Tallahassee, Florida - African American lawmakers are calling on Gov. Rick Scott to expand early voting for the presidential election in November.
Sen. Arthenia Joyner was joined by members of the Florida Legislative Black Caucus at the state Capitol Monday and they asked for a meeting with Gov. Scott but she said they were told he was too busy.
Sen. Joyner wants to talk to the governor about Florida's new election law, which reduces the number of early voting days from 14 to 8. A federal court has ruled the law disproportionately affects black voters and makes it harder for them to vote.
Joyner says Gov. Scott should restore Florida's previous election law. It allows 14 days of early voting and is still used in five counties, including Hillsborough County, because of a history of discrimination in those areas.
So Florida is operating under two different elections laws right now and Sen. Joyner says Gov. Scott should take action to make it uniform.
"Do what's right Gov. Scott. Extend early voting to 14 days from Pensacola to Key West. Do what's right. This is an immoral law and you need to do what's necessary."
The Republican-controlled Legislature passed the new election law in 2011 over the objections of Democrats, who argued the plan was designed to minimize Democratic turnout in the 2012 presidential election.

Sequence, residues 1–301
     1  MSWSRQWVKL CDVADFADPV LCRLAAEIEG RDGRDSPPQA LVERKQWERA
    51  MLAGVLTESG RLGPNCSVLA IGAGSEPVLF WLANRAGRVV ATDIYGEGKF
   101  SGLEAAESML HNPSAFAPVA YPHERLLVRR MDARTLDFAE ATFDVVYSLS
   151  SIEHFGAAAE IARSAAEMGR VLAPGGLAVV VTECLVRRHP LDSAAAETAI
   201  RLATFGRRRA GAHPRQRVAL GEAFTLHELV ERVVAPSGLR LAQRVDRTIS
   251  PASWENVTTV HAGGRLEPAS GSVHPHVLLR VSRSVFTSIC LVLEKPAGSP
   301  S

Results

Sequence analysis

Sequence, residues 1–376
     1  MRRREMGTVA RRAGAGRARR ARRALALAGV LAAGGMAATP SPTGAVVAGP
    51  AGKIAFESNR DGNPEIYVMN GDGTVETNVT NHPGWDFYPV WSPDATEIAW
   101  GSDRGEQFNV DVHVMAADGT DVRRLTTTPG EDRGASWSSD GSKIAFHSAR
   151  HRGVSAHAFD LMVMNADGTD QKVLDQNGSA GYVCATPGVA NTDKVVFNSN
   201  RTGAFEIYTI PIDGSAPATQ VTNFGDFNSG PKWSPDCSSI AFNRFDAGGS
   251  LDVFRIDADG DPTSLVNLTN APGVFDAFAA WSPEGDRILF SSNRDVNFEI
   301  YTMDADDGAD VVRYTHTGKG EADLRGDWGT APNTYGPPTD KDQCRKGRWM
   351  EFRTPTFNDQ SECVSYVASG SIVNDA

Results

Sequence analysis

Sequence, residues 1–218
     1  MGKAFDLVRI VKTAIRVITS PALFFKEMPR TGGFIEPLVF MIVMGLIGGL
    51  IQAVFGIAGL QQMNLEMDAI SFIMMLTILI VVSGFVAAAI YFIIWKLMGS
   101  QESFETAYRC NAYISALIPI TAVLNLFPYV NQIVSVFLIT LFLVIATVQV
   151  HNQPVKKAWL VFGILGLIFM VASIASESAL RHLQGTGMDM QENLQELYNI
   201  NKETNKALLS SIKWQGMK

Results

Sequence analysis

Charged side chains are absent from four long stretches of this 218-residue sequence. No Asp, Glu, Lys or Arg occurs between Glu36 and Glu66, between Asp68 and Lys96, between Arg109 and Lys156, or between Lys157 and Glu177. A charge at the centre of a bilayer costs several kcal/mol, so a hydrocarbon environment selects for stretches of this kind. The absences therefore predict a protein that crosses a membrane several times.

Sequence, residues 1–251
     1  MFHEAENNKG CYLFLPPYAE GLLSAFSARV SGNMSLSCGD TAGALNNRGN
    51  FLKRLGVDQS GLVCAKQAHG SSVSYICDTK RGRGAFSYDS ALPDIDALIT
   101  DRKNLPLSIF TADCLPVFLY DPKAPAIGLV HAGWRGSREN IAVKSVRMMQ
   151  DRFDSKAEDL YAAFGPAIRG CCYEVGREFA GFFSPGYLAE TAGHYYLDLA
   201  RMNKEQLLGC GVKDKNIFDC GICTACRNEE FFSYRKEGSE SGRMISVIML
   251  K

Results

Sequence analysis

The law bans early voting on the Sunday before an election. Voting on that day was becoming a tradition among black voters as they headed to the polls after church.
Joyner says voting records show black voters use early voting much more than white voters.
"Early voting is by all measures highly successful. Why would we retreat from a success? The answer in the minds of many is that because the Republicans do not want to give an advantage to Democrats because African Americans mostly vote Democratic. It's my position that we're talking about a fundamental right that transcends politics."
The five counties operating under the old election law are covered by the Voting Rights Act of 1965 so any changes to the state's election law must be cleared by the U.S. Department of Justice or a federal court.
Voting records show black voters use early voting much more than white voters. Sen. Joyner says many African Americans believe Florida's Republican-controlled Legislature scaled back early voting because black voters often vote Democratic.
The Florida Secretary of State's Office issued a statement, saying it expects the new election law to get federal clearance.